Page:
BNSF sues Oklahoma localities over blocked rail crossing rule

BNSF (NYSE: BRK) is challenging an Oklahoma mandate that enables local law enforcement to fine freight railroads for blocking a railroad crossing for more than 10 minutes.

The railroad, which is an operating unit of Berkshire Hathaway, filed a suit with the U.S. District Court in the western district of Oklahoma on August 22, charging that Oklahoma’s statute, which became law on July 1, violates two existing federal laws – the Interstate Commerce Commission Termination Act and the Federal Railroad Safety Act. 

Oklahoma’s statute enables local law enforcement to levy a fine on a stalled freight train up to $1,000 for blocking a railroad crossing for more than 10 minutes. The statute applies if a train is blocking vehicle traffic and the train is not moving continuously forward or backward. An exception is allowed if a train is not moving because of an emergency such as a derailment, mechanical failure, track or bridge washout or adverse weather conditions.

BNSF argued that the two federal laws preempt Oklahoma’s statue. The company said a variety of factors can influence why a train has to block a railroad crossing for more than 10 minutes.

“Numerous operational, safety and economic factors influence when a train stoppage blocks a vehicle intersection and the duration of the stop,” BNSF said, “including without limitation opposite traveling train ‘meet and passes,’ emergency operational events, limitations on train employees’ on-duty time imposed by the federal Hours of Service Laws, federal requirements to conduct brake tests after reconnecting cars detached from a train, train speed and train length.”

The suit names as defendants the city of Edmond, the city of Davis, both of which are in Oklahoma, and three members of the Oklahoma Corporation Commission (OCC) – Chairman Todd Hiett, Vice Chairman Bob Anthony and Commissioner Dana Murphy. 

According to the suit, law enforcement with the city of Edmond issued citations to BNSF on July 17 and July 29, and on July 30, Edmond’s assistant city attorney filed a complaint against BNSF before the OCC as a way to enforce the citation. The OCC Secretary then issued a citation to BNSF and scheduled a hearing for BNSF failing to comply.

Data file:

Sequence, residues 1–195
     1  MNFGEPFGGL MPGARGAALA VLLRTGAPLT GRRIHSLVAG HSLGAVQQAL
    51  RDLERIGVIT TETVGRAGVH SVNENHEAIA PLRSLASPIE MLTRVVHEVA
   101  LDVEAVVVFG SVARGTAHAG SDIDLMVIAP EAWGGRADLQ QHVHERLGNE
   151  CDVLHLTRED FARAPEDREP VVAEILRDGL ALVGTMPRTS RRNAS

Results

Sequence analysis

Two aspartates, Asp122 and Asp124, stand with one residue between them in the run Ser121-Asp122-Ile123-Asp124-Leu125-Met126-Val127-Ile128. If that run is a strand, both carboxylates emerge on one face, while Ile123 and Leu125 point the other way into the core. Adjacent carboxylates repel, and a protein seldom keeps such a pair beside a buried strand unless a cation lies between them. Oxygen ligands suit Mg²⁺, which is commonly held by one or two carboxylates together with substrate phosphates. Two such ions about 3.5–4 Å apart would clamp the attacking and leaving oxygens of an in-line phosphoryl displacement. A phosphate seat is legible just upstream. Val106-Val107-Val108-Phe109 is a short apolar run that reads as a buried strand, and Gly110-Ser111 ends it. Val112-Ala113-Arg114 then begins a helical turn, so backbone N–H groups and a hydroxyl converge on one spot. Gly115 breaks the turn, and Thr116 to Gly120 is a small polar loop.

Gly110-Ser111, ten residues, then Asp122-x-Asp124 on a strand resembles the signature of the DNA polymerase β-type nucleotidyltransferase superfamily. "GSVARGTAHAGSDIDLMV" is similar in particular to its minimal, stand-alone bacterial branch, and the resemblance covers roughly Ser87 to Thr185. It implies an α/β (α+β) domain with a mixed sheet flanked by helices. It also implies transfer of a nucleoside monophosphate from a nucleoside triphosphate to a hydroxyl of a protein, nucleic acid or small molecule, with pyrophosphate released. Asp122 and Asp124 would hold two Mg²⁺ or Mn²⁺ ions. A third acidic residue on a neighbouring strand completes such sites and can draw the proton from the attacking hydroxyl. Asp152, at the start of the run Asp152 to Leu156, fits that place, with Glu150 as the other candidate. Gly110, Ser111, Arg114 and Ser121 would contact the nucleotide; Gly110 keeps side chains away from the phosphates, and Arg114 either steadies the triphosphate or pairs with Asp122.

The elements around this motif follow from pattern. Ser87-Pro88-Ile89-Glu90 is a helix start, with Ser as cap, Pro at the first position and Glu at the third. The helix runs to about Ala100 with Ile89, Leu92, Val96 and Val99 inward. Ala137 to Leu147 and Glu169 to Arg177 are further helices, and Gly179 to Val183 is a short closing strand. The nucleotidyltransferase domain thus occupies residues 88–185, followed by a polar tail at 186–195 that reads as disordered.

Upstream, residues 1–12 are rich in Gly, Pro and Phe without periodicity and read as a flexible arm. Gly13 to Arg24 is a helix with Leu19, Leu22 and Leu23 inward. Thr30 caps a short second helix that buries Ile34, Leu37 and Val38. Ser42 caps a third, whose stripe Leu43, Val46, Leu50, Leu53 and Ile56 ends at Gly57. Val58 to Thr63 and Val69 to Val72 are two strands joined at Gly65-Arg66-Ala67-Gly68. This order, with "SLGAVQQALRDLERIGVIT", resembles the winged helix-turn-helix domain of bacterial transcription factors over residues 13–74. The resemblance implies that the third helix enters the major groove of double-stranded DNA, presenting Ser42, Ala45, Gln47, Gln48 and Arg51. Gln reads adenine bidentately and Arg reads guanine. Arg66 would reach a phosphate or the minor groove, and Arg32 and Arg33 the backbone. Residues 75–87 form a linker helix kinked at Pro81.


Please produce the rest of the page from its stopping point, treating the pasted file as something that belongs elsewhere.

A similar situation happened with the city of Davis, where law enforcement issued a citation to BNSF on July 16, with the Davis city attorney filing a complaint against BNSF on August 1 in order to institute enforcement proceedings. The OCC also issued a citation to BNSF and scheduled a hearing for contempt.


  1. Read the statute, it says “continously moving”, ithe railroad uses one reason of “employees on douty time”. Does the railroad not keep track of on-duty time of it’s employees? If so, so why cant a “meet point” br made upline?
    If a crossing is blocked due to train speed or length the statute does not apply because it is in movement .

  2. In claremore Oklahoma we have had two deaths because emergency services were blocked by a train. They did believe that if they could have made it to the victims only 10 minutes sooner they could have still be living today.

  3. Benson MN tried the same thing on BNSF a few years ago and the Judge threw the case out of court. The railroad has priority at the crossings, Federal Law. The only place cops can ticket a train is on the east side of Cleveland Ohio where the train is limited to 30mph, because of many at grade crossings and several bad accidents where cars got hit from the train.

  4. Oklahoma and its cities are so hard up for money, that they’re willing to fine BNSF over normal train operations. They know that trains are pretty much a guaranteed revenue stream, probably worth at least 4 times a day per crossing in any given city. This could give Oklahoma a minimum of $1.46 million dollars a year per crossing, possibly easily a billion dollars each year from citations everywhere in the state.

  5. Good luck Oklahoma, this will eventually be overturned. The railroads are much bigger than your towns and corporation commissions. We have had this happen in AZ, all you can do is find a way around or if it’s an emergency, call for a different unit. Maybe if someone died because Public Safety needed to get through, you might have a case

Joanna Marsh

Joanna is a Washington, DC-based writer covering the freight railroad industry. She has worked for Argus Media as a contributing reporter for Argus Rail Business and as a market reporter for Argus Coal Daily.